Indepth Arts News: |
"aH'Ha: A Michael Nicholson Studio Installation"
2001-06-15 until 2001-07-15
City Gallery Wellington, 360-Michael Hirschfeld Gallery
An hypnotic revolving sculpture, using coloured light and shapes beamed onto
the back of the Gallery wall, is just one aspect of a new installation by
Michael Nicholson, opening at the Michael Hirschfeld Gallery this week. Nicholson, aged 85, has described his work as a visual song and a dance
about nothing. aH'Ha explores ideas that have been central to his art
practise of the past 50 years, showing how a found object from the 'real'
world can be progressed through different art practises such as photography,
sculpture, painting, installation and film.
Michael Nicholson's art aspires to the condition of music, writes Gregory
O'Brien. He is an abstract painter with an obsessive interest in the real.
Like Len Lye, he has been greatly influenced by jazz. His video works
translate sound to image and vice versa. Effects of light, shade and
projected colour are as important as the three-dimensional materials in his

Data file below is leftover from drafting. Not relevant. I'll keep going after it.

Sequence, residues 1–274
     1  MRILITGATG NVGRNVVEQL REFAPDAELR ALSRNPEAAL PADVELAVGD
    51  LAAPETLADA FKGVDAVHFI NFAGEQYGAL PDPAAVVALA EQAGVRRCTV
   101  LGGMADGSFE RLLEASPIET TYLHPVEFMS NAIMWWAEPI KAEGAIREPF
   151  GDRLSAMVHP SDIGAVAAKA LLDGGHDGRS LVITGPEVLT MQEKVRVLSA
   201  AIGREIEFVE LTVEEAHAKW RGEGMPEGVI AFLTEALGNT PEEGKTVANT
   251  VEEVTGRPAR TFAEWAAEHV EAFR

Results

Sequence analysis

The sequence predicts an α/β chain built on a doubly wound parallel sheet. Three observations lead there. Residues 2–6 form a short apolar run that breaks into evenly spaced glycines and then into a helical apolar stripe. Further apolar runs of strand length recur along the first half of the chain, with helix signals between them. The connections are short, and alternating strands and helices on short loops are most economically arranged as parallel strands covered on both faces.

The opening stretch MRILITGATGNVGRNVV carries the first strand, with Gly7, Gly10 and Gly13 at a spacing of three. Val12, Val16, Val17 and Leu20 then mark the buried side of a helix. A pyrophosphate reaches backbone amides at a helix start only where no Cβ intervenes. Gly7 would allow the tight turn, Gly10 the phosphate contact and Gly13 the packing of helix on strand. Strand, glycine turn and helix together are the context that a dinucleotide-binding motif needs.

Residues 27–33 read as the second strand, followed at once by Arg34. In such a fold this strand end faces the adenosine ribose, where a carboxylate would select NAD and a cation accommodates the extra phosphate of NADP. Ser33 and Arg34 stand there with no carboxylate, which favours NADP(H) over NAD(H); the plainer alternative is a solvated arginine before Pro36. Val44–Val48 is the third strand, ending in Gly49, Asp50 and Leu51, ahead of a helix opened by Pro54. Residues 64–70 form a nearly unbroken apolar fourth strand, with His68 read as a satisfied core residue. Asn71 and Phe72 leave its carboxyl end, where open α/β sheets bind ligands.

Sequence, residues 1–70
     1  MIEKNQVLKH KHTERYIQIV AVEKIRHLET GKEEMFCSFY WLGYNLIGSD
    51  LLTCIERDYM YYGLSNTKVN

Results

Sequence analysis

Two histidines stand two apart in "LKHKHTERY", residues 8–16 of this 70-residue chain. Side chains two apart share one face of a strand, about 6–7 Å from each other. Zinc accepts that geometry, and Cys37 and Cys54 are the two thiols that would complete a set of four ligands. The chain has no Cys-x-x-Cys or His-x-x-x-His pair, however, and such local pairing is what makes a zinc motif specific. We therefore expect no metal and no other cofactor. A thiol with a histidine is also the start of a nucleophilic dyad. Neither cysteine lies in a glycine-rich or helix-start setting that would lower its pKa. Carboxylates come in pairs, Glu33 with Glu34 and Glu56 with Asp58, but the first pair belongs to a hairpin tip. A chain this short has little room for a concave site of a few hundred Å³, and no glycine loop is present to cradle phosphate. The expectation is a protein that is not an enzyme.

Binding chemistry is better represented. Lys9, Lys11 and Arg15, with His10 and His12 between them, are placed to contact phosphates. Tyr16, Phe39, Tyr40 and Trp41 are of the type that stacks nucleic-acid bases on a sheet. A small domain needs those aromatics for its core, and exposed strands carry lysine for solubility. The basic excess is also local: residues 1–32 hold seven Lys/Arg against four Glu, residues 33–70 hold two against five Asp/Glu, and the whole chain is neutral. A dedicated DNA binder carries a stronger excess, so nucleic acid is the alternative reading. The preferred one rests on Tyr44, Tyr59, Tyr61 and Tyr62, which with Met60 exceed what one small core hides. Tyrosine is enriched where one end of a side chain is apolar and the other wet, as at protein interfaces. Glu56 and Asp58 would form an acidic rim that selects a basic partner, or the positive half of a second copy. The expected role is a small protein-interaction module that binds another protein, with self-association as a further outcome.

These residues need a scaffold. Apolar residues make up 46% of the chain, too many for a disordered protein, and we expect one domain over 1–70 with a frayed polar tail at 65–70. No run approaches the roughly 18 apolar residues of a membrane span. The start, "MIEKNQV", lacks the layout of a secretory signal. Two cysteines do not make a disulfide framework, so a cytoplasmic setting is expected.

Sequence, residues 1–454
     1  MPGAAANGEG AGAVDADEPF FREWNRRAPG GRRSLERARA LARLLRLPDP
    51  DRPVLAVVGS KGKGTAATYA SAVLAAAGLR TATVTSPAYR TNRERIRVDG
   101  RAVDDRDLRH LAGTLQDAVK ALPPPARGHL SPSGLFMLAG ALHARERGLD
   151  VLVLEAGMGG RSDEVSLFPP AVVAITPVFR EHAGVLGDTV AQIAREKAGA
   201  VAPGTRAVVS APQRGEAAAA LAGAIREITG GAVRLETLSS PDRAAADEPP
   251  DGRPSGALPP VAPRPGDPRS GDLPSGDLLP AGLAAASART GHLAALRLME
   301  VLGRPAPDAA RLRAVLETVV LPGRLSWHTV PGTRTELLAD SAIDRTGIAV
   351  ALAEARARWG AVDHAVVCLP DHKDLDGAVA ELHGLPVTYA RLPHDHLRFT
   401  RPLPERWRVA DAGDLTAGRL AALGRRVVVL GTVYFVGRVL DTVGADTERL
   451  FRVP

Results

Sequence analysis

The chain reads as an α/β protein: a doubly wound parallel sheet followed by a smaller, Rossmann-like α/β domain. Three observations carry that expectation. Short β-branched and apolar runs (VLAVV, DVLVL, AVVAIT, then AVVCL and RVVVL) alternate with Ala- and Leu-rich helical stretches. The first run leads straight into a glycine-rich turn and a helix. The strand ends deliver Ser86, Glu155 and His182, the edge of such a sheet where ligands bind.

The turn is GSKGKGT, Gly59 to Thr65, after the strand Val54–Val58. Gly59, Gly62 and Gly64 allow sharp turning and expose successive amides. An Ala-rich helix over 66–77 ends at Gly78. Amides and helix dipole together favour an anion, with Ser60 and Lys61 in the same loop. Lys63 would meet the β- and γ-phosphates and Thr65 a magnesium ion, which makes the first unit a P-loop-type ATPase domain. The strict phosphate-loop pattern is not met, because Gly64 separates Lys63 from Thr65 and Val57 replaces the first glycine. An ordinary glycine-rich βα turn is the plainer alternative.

sculptural installations. Echoes of Len Lye (and more recently the
sound-sculptures of Philip Dadson) can be seen in the way Nicholson uses
technologies to explore fundamental areas of human perception.
An English immigrant, Nicholson arrived in New Zealand in 1953. He has
worked as a theorist, teacher and sculptor, and video artist. Nicholson's
work was included in the influential Auckland City Art Gallery exhibition,
Object and Image, 1954, alongside paintings by Colin McCahon and Milan
Mrkusich. His exhibitions since then have been few but significant. A
remarkable mural was featured in the Auckland Art Gallery's Fifties Show in
1992, and his work was included in a satellite exhibition to the National
Art Gallery's 1994 Art Now exhibition.
Michael Nicholson was born in the United Kingdom in 1916. After studying at
the City & Guilds School of Art, London, he enlisted in the army, was
evacuated on the last destroyer from Dunkirk, then went on to serve in India
and Burma. Following study in London, he immigrated in 1953 to Auckland,
where he lectured at Elam School of Art until 1961 at which time he
transplanted to Sydney, where worked for almost 30 years. Since 1988 he has
been based in Wellington, exhibiting his work at dealer galleries as well as
Artspace (Auckland), 1991, the Sarjeant Gallery, 1994, and City Gallery
Wellington in 1995.